Wednesday, September 23, 2009

Beach books and library books

Here’s what I’m going to be doing on my vacation  …

sruble doing a handstand?

sruble doing a handstand?

Ok, not really. I can’t do a cartwheel, or a handstand. What I will be doing is working; I’ll be writing, drawing, painting and reading while I’m at the beach. Here’s my reading list:

sruble's beach books

sruble's beach books

I’m way behind on my reading, so there’s a mix of old and new here to keep me busy. When I’m not reading, I’ll be taking long walks on the beach with my DH or building sandcastles.

When I’m not playing in the sand, I’ll be working on a PB dummy a dummy revision, a zombie graphic novel, and another PB, if I have time. (haha) The PB dummy I’m almost done with is on deck first. Sheila the zombie cheerleader will probably be chasing me around the beach, threatening to eat my brains if I don’t work on her story, so that’s really good incentive to get my PB dummy done! I also brought watercolor paints and a couple of small watercolor blocks – just in case I want to paint something.

You might be wondering why I’m not bringing any PBs to read, since I’ll be working on at least one while I’m at the beach. There’s a great bookstore and a library where we’re going, plus I just got done reading all of these PBs from the library:

PBs from the library

PBs from the library

Some old favorites and some new favorites too!

You probably won’t hear from me for a while; I’ll be working at the beach. See you when I get back!

Sunday, September 20, 2009

Interview: Elizabeth Dulemba, author/illustrator

I’m interviewing author/illustrator Elizabeth Dulemba today. And at the end, there will be a chance to win her brand new picture book, Soap, soap, soap! (Update: The winner of the contest for Elizabeth Dulemba’s new PB, Soap! Soap! Soap! is Amy Baskin – yay!!)


What’s the difference between illustrating someone else’s text vs. illustrating your own?
The obvious difference is a sense of ownership and freedom to be able to tweak the text to work with the illustrations. However, in the end, I’m still illustrating a specific story the best way I can. And perhaps that’s the most difficult thing of all – listening to that inner voice and making changes (even tough ones) when I know I need to. When I am the sole creator, I have to live up to the highest and most demanding standards – my own!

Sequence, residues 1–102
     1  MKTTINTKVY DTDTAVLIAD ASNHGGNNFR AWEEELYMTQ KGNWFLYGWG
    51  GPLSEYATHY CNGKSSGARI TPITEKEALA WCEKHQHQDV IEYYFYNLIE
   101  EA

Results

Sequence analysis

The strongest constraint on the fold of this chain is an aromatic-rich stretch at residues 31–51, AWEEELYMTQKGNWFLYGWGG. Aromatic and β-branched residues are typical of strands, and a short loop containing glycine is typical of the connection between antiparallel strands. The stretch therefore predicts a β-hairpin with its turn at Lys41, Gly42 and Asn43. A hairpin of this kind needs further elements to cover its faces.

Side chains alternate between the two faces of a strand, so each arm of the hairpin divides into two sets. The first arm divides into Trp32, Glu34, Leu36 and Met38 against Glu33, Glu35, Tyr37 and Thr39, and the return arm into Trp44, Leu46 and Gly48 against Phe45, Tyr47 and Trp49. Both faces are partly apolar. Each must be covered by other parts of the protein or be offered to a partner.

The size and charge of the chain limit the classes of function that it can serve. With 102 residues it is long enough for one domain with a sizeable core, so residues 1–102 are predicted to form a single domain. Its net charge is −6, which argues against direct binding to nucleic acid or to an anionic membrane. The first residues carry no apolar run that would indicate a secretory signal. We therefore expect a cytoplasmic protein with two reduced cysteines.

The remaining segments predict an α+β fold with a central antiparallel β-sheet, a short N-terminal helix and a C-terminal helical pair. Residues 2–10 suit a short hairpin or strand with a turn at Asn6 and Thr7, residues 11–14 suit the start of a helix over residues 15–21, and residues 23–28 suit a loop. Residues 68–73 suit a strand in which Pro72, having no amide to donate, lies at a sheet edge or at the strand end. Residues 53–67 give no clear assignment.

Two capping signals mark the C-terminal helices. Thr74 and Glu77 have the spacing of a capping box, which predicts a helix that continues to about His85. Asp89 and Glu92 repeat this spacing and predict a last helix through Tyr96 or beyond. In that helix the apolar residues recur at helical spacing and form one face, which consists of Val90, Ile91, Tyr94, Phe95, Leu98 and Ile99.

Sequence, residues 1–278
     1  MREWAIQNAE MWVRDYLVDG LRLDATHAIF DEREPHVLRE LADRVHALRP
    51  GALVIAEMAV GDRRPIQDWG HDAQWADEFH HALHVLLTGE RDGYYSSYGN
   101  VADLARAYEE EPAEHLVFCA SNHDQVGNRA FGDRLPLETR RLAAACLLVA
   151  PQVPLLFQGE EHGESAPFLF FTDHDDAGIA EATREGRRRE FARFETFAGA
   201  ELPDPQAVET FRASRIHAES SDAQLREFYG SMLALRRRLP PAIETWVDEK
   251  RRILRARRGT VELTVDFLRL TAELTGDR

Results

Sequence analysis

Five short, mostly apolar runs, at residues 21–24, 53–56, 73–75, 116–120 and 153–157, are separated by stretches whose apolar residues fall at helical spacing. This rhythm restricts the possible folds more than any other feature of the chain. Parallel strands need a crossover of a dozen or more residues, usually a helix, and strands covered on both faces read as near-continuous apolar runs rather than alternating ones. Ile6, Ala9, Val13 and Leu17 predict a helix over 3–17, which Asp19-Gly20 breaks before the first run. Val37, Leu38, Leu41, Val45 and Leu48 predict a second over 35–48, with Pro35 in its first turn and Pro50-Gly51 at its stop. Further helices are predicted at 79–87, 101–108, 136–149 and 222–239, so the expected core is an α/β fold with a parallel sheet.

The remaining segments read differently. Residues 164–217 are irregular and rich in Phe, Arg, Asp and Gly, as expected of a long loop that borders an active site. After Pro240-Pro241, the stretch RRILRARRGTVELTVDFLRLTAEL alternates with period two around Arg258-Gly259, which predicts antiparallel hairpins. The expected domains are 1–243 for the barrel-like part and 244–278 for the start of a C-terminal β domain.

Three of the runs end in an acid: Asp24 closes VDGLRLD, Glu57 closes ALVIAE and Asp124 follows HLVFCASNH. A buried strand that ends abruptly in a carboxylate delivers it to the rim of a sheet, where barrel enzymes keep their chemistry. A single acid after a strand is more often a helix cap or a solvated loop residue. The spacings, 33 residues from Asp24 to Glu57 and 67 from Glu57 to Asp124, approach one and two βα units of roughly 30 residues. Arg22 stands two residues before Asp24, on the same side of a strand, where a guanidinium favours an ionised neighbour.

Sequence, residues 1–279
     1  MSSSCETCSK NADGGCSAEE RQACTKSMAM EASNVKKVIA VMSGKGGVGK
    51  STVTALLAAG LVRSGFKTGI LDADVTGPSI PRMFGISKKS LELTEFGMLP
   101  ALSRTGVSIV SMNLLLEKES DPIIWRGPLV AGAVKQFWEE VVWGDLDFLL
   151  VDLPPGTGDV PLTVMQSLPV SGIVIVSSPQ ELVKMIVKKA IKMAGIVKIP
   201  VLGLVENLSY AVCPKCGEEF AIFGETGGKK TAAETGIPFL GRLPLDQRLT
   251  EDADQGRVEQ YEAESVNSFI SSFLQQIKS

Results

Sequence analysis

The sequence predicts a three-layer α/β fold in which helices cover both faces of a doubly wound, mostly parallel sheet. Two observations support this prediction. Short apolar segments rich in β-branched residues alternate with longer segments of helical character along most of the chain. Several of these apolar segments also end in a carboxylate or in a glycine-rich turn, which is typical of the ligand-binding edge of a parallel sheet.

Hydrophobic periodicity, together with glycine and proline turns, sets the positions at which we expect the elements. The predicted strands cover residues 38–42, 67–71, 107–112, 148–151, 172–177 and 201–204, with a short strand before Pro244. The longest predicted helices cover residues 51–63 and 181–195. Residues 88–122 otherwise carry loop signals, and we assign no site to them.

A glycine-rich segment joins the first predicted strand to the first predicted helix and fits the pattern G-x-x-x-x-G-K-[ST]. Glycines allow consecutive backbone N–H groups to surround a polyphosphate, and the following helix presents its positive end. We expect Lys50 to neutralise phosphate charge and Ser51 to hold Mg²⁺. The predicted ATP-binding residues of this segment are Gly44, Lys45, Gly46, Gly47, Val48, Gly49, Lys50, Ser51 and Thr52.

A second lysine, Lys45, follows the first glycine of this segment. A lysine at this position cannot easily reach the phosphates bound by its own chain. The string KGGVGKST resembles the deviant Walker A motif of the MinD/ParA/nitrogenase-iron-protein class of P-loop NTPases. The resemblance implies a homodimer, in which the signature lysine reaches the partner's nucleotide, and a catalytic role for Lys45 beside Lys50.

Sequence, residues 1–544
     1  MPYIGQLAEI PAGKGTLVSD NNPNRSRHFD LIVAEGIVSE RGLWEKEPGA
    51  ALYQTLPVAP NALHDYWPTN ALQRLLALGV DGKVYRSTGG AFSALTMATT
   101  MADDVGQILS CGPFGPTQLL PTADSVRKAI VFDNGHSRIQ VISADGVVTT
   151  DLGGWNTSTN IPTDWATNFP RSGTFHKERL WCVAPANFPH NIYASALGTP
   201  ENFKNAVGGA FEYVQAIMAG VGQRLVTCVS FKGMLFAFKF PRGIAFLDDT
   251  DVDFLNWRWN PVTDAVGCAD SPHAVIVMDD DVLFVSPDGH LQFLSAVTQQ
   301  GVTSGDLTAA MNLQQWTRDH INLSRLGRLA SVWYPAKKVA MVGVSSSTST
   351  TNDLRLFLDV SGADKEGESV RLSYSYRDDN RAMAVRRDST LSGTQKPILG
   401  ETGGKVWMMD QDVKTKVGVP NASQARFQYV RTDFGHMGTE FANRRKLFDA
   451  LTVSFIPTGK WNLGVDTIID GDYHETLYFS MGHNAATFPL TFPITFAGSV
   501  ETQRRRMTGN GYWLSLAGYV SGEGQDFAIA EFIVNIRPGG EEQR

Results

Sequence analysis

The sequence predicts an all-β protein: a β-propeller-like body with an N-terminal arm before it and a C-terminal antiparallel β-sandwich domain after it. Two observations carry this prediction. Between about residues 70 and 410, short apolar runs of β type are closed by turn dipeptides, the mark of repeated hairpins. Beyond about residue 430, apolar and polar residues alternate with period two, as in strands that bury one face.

What’s your process for digital painting?
 I’m evolving where digital painting is concerned. I used to do all my sketches by hand (elements scattered every which way on a page) and scan them into Photoshop to create my composition, but more and more I find myself actually drawing in my computer. It really depends on how the art wants out of me. I also used to lay in all the flat color in Photoshop then render/shade in Painter (how I did SOAP), but I’m starting to experiment with working directly on a colored canvas in Photoshop and/or Painter.

Many people think digital makes you faster, but I’m finding the opposite to be true. Since I don’t have to fiddle with mixing colors, I’m able to spend more time experimenting with method – and that has actually slowed me down. (In a good way, I like to think!)

Do you use the digital brushes that come with Photoshop/Painter or do you make your own or find them online somewhere?
 I’m in a bit of a transition with my brushes right now. I illustrated SOAP, SOAP, SOAP on my older computer using Photoshop and Painter with a Wacom tablet. I don’t often create my own brushes, but I definitely manipulate the ones that are available. On my new computer I’m experimenting with keeping everything in Photoshop – we’ll see. But I’m also wanting to pull in more texture. I started doing it in SOAP but really want to push that. In other words, I’m always experimenting and hope I never stop!

pages 14-15 from Soap, soap, soap!
pages 14-15 from Soap, soap, soap!

Do you have any tips for someone that’s starting to paint on the computer?
The main thing would be to be patient with yourself. You won’t get it overnight. Just play with it, work with it, learn something new every day and let your knowledge and comfort level grow over time. Working digitally is wonderful (and liberating) but it can also be intimidating at first. I promise you I’ve only touched the tip of the iceberg of what these programs can do, and I’ve been working with them since day 1.

The other point would be to experiment with media (digitally) that you don’t use in ‘real’ life. For
instance, I never considered myself a traditional painter, and yet my favorite brushes in Painter are the oil brushes. Go figure.

What’s your favorite thing about digital painting?
I came up through graphic design where everything was speedy, speedy. So I worked with quick media like markers and colored pencils. I never learned how to mix colors. And yet, with digital painting, I have the full rainbow and all its nuances available to me! I’ve often heard traditional artists complain that digital doesn’t allow for the ‘happy accidents’ that can make painting so exciting. But I can assure you, I get plenty of those happy accidents and unexpected results and they are downright wonderful.

What’s your least favorite thing about digital painting?
A finished piece of art for me is either the printed page or a giclee. I do hate that I don’t have an ‘original’ in the traditional sense. It makes me wonder if someday – way far away – I might actually play with traditional painting again.